NASA's Aqua satellite captured a picture Tropical Storm Linfa in the South China Sea on July 7 when it was between southern Taiwan and the northern Philippines.
Aqua passed over Linfa on July 7 at 05:25 UTC (1:25 a.m. EDT) and the Moderate Resolution Imaging Spectroradiometer or MODIS instrument captured a visible image of the storm. Bands of thunderstorms wrapping into the center of circulation from the south, draped over western Luzon. The MODIS image showed the tight concentration of thunderstorms around Linfa's center were located over the South China Sea. Fragmented bands of thunderstorms north of the center were brushing over Southern Taiwan while clouds from another band of fragmented thunderstorms stretched northwest through the Taiwan Strait.
On July 7 at 1500 UTC (11 a.m. EDT), Tropical Storm Linfa's maximum sustained winds had increased to 50 knots (57.5 mph/92.6 kph), up from 45 knots (51.7 mph/83.3 kph) six hours before. Linfa strengthened in the warm waters of the South China Sea now that its center has moved away from the northern Philippines and was no longer over land. Linfa was centered near 21.0 North latitude and 118.8 East longitude, about 277 nautical miles (319 miles/513.3 km) east-southeast of Hong Kong, China. Linfa has tracked northward at 3 knots (3.5 mph/5.5 kph).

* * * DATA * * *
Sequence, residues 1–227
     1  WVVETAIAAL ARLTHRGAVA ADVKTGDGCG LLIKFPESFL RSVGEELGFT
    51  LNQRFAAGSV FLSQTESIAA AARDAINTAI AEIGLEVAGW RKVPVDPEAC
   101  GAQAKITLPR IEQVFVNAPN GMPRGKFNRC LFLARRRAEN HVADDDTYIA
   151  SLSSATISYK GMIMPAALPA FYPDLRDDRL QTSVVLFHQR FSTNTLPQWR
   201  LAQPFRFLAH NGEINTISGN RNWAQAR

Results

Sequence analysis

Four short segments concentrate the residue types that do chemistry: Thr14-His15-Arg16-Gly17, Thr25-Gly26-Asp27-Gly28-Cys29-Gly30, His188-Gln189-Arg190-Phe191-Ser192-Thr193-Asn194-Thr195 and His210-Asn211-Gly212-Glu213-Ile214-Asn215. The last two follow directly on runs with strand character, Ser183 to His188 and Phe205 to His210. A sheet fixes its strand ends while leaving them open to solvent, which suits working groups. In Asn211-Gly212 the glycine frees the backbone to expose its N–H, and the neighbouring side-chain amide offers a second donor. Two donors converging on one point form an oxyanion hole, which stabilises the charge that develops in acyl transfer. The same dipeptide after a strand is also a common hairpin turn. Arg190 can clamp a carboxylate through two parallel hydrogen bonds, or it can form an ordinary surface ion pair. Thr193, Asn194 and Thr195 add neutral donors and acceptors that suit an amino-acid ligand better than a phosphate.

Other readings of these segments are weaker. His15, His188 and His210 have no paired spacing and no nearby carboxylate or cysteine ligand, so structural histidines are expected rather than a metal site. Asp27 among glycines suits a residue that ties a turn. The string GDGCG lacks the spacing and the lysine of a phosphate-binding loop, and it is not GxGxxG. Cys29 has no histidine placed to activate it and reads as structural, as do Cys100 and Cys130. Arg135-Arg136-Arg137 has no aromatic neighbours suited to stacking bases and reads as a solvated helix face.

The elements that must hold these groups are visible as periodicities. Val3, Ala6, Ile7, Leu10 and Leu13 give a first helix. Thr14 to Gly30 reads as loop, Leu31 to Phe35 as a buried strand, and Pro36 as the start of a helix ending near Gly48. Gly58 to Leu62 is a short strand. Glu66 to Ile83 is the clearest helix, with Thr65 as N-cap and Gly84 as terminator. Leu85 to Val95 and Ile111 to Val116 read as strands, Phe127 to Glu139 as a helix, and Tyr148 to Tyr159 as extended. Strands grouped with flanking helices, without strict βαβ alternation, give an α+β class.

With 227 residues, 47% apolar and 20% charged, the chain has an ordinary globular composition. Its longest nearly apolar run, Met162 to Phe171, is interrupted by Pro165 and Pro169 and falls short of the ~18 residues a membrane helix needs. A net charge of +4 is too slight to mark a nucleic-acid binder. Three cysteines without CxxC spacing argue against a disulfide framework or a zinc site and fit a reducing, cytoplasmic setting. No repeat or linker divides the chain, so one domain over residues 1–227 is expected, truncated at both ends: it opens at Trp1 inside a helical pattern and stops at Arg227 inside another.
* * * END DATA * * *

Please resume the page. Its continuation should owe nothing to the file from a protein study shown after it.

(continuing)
China's National Meteorological Centre has (CNMC) issued a yellow category warning of typhoon at 6:00 a.m. July 7, Beijing Time. CNMC noted that Linfa is the tenth typhoon this year and at that time it was centered about 430 km (267.2 miles) southeast of border between Fujian and Guangdong
For updated warnings and watches from the China Meteorological Service, visit: http://www.
Linfa is moving north between Luzon and Taiwan. The Joint Typhoon Warning Center expects Linfa to strengthen to 60 knots (69 mph/111 kph) by mid-day on July 9, before weakening and then making landfall in mainland China.